Where does a summer go?
Grief. Saying goodbye. Watching grief manifest in others, settle, find a place.
Spending every moment possible with my dog, the love of my life, my baby, the girl who saved my life when I was sixteen. Bellatrix. I need to bring her to Seattle. I’m done with this being apart thing. She’s my love.
Time with family, with my one-year-old niece, on boats in Newport Harbor, in the backyard by the fireplace. Hiding in bed with a book, and then another book, so many books, so much decadent reading. Afternoon glasses of cold wine. A sprained ankle that had me on my back for a week.
Visiting a dear friend in LA. I’ve known her for over for ten years now, how is that possible? Visiting LA. Aching at the dryness, the drought, the smog, the desperation for rain.
Speed drafting a nearly-whole book. Lurking around its critical setting point. Hiking in a dress and sandals on hot dirt, through spiky brush. The energy, the thrill. A new story. A new world. New heartbreak. Falling in love with writing, with drafting, all over again.
Living with my parents and my boyfriend and my younger brother. When will I ever live with my younger brother (or my parents) again? Missing my young brother before I even departed. Why can’t I find a photo on my phone of my younger brother from this summer?
Another roadtrip. My dear car pulling through, making it, still clunking along. Back up the coast. Back north. The road and the road and the road and the road. 2 full driving days is much gentler than 2 weeks.
Moving. Again. I was dubious but we made it happen. By the beginning of July, I’d signed a lease. On August 1st, we moved in. I now live in Washington State. I’m twenty-five minutes from downtown Seattle if the traffic is nice.
Whenever I go out, whenever I drive into the city, drive anywhere, I’m struck. How do I live here? How can I possibly live here?
I love it here.
My birthday. That happened. 25. Mid-twenties. I’ve never liked birthdays, mostly because August is hot and sweaty and bright and during family trips to desert lakes. This was my favorite birthday. I ate chocolate and read and went for a walk and it was cloudy and kind of chilly and simple. I still cried. I always do.
The act of settling. Chicken and dumplings in early August because of the Seattle chill. Nesting. Furnishing a home on the strictest of budgets. Unemployed since May, resources dwindling. But I had a couch and a desk and a chair and a dresser and a bed and a bed-frame within three days. Thank you, Craigslist.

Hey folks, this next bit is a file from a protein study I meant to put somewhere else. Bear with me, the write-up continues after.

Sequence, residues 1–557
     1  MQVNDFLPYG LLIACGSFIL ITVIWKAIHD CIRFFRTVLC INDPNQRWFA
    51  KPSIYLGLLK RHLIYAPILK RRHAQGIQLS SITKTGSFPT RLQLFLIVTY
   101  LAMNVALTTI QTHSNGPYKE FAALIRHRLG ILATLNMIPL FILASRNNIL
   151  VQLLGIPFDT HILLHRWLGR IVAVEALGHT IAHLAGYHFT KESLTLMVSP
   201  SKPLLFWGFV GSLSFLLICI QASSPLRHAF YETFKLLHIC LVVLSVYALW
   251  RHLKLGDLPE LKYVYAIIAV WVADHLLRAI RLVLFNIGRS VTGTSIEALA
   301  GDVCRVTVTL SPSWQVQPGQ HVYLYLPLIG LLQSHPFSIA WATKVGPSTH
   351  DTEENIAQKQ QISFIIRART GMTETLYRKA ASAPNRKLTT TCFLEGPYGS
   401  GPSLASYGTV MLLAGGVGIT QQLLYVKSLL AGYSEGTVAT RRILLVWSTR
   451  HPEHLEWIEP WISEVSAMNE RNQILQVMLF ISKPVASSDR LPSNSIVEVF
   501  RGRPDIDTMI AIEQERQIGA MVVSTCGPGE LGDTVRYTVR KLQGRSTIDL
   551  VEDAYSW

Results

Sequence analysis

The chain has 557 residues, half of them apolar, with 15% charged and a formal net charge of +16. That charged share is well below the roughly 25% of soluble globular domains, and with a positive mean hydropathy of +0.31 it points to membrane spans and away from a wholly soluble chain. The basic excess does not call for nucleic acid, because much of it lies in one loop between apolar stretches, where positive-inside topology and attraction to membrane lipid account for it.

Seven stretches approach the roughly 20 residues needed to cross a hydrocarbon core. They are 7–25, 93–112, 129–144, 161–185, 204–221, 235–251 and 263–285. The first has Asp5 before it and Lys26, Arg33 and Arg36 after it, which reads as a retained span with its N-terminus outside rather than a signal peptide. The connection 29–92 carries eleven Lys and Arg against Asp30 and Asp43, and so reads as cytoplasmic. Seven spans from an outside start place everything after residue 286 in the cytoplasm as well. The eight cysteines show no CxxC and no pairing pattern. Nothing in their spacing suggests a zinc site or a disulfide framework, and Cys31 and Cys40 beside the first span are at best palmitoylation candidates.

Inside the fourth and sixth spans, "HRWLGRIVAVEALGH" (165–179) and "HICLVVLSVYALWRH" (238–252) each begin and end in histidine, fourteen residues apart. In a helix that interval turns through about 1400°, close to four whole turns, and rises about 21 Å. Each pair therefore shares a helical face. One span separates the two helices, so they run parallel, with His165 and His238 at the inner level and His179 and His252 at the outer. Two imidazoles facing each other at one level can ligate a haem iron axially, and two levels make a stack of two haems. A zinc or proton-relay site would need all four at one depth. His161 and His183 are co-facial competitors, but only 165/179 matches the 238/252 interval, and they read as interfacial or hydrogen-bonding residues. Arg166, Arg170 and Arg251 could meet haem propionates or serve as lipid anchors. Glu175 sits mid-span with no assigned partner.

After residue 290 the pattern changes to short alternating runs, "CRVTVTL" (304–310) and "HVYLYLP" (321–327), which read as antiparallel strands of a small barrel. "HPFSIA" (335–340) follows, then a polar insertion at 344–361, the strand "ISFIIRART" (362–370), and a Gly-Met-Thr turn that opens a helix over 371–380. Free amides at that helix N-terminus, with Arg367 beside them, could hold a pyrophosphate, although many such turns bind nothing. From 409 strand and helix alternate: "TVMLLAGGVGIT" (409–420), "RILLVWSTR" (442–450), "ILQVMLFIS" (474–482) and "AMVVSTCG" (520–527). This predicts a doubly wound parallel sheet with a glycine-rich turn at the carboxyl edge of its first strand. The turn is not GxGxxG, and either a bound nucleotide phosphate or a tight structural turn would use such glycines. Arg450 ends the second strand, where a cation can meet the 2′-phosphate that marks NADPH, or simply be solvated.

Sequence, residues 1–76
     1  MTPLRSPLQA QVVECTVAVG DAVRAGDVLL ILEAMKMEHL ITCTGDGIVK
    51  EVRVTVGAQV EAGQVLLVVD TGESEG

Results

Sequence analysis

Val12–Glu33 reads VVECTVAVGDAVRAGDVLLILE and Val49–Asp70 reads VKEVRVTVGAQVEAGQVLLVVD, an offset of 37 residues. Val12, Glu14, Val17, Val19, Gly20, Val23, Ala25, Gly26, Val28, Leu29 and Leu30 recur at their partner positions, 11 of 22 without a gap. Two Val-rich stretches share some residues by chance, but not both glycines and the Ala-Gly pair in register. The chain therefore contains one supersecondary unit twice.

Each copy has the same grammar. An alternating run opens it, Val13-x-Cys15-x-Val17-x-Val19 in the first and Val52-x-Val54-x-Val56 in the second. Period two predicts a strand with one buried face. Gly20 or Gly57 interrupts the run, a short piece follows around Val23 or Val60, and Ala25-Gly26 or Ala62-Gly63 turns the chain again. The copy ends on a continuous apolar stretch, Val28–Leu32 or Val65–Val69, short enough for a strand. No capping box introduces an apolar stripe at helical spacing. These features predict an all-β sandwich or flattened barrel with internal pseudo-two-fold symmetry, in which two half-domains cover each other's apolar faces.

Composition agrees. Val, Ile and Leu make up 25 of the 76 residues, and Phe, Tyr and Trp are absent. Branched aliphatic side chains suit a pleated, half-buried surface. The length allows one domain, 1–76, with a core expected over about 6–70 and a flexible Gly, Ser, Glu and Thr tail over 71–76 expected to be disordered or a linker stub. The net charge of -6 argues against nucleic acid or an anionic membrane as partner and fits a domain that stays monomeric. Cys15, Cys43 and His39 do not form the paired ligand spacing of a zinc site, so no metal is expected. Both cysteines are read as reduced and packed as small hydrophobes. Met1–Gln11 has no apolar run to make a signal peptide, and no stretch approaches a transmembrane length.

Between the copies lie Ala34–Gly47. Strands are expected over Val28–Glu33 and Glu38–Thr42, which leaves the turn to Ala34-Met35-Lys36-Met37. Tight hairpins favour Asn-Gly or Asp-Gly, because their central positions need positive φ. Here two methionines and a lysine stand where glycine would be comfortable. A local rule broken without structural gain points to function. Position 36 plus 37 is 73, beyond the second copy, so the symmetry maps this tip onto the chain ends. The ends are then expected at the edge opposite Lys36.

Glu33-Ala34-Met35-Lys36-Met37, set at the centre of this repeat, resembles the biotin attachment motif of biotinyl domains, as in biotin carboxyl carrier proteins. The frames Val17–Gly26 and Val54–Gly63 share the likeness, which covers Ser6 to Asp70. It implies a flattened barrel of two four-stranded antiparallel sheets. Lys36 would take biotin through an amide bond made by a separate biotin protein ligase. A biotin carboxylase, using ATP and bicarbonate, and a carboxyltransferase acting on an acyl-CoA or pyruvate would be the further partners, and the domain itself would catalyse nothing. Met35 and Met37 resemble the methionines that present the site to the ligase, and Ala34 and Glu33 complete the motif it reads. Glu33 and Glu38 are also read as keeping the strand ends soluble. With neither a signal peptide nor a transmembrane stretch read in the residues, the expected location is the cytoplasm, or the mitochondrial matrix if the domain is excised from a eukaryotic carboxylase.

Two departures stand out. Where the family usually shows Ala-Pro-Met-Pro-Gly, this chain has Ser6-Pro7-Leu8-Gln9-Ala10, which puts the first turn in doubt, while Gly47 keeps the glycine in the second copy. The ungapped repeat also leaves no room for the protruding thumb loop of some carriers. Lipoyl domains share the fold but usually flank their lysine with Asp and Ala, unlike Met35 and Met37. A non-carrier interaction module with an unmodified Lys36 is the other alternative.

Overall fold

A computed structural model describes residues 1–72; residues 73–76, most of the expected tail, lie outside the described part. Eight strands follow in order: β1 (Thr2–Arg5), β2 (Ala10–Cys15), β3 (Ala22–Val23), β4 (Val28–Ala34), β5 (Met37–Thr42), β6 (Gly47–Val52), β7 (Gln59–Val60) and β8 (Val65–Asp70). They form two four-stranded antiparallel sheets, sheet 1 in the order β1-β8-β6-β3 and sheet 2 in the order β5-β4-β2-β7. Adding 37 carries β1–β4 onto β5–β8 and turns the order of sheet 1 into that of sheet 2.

I have a balcony that faces a tree and lush living room carpeting to sprawl out on. I call the tree my tree. While in Indiana, I kept saying I miss my tree. My tree. It’s already turning. September is tomorrow. My tree will lose its leafs soon, I think.
FaceTiming with my dog. Sobbing about my dog. Missing my dog.
Seeing my grandpa during an 8 hour layover in Utah. I haven’t seen my grandpa since my grandma’s funeral. Seeing my grandpa and feeling that swell of joy, comfort, of coming home.
Pitch Wars. So much Pitch Wars. 142 submissions in my inbox within three days. The swell of reading. The honor. Being on the other side of what I fought against for ten years of querying. Understanding what all those agents meant when they said this is good, this is great, but I didn’t fall in love, I didn’t connect. Also falling in love and connecting with multiple books, but only being able to give one a yes.
My god, the joy of giving that one a yes–it was and is very real.
Two weeks in Indiana after only two weeks after moving. Indiana, hot and bright and muggy and, goodness, that humidity. Two weddings. Both so different, so lovely. All along, a violent head cold that turned into a violent ear infection. Meeting friends that weren’t my friends before. Seeing a family that has accepted me, perhaps only tolerates me, a family I adore.
Savoring Indiana’s particular beauty. The silence of it. All the bright green, those forests, those cornfields. The country. Those storms, my goodness, those storms.
Jet skiing for the first time since I was under ten. Jet skiing during twilight, the sun setting, the wind and water a relief from the oppressive heat. For an hour, feeling like I was on vacation.
Signing my contract with Penguin Random House after nearly six months of waiting. The 2013 merger and new boilerplates were the blame of the delay. It doesn’t matter. The delay ended and I got it. My contract. A book contract. It’s signed: my book will be a book and, if it’s not made into a book, bad shit will happen, so it’ll be a book. A dream come true: signing my name on a contract with the Penguin Random House logo in the lefthand corner. What. What is my life? What? I’ve imagined that moment since I was thirteen and actively started writing YA. I was even giddier than I anticipated.
Coming home. Feeling like this is a home. I guess I attach myself to places easily, but then again Washington has felt like a home since my first visit when I was seventeen. Or, really, since I first read about it in detail at fourteen, and discovered a place unlike Southern California, where it frequently rains, where it’s green and there’s both water and mountains and it rains and rains and rains. Okay, I guess I have Twilight to thank. No shame.
Coming home. Surviving perhaps one of the most bonkers summer of my life.